But the second dynamic is even less favorable to the U.S. and that's the extent to which the moderates don't much like the U.S. either. A recent poll from the University of Maryland illustrates the point: while there is a disgust of al Qaeda's methods (and thus, of radicalism) there's a basic agreement on al Qaeda's political objectives of forcing a change in U.S. foreign policy:It seems to me that Americans who advocate fighting wars in the Middle East, including the President, miss the importance of this. Hardly anybody in the Middle East believes that we have their best interests at heart. The more Muslims we kill, regardless of who they are, the more people there hate us and want us to leave. We cannot fight our way out of this situation. The only way we can end the hatred against us is to stop killing Muslims and pull almost all of our forces out.A study of public opinion in predominantly Muslim countries reveals that very large majorities continue to renounce the use of attacks on civilians as a means of pursuing political goals. At the same time large majorities agree with al Qaeda's goal of pushing the United States to remove its military forces from all Muslim countries and substantial numbers, in some cases majorities, approve of attacks on US troops in Muslim countries.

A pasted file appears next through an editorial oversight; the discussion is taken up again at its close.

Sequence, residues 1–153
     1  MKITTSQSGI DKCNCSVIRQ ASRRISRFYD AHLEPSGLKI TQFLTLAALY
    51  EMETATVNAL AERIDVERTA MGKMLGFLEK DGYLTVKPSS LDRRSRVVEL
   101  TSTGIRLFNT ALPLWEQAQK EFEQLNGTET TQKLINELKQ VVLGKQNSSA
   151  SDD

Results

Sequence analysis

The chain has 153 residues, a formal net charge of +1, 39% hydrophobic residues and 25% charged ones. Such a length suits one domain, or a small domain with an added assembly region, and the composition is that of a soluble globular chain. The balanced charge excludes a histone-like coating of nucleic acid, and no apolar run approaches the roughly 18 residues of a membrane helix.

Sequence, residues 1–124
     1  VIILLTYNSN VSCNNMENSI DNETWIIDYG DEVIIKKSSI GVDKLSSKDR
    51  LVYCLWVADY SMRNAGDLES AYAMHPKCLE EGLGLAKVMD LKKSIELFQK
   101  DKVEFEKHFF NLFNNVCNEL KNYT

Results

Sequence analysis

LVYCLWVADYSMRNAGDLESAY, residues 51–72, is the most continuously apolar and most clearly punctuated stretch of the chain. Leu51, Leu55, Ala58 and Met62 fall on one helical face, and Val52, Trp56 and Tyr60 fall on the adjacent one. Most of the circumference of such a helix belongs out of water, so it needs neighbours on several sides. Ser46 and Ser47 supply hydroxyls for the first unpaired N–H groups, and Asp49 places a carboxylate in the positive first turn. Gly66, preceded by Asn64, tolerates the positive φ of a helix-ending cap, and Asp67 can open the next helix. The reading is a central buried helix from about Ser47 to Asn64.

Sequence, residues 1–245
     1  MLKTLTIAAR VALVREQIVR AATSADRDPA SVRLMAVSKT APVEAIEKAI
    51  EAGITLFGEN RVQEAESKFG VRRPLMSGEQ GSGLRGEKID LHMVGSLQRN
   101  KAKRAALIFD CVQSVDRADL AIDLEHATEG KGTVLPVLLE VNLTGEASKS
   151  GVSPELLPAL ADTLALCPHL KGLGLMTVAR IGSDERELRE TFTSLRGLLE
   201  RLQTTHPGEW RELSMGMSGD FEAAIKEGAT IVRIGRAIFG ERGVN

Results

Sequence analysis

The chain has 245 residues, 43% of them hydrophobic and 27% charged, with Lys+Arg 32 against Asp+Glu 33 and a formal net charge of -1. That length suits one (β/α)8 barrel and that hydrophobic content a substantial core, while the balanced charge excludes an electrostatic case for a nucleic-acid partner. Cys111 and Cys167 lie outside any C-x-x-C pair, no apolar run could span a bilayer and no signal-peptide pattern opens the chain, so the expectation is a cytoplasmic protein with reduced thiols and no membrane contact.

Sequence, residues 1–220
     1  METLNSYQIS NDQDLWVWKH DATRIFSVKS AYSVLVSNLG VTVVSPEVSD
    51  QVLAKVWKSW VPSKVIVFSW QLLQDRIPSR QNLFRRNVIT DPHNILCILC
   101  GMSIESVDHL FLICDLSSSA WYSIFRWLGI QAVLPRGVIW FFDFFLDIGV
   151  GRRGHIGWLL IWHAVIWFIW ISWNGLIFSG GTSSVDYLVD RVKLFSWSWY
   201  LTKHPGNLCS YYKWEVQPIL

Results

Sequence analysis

Your run of the mill moderate may be disgusted by al Qaeda attacks against America and may find the idea of slaughtering infidels abhorrent, but he may also think that we're getting what's coming to us and so isn't very motivated to get himself killed purging the radicals from his midst.
Saturday, December 19, 2009
Arab "Moderates" Hate the US, Too
From Greg Scoblete at Real Clear World: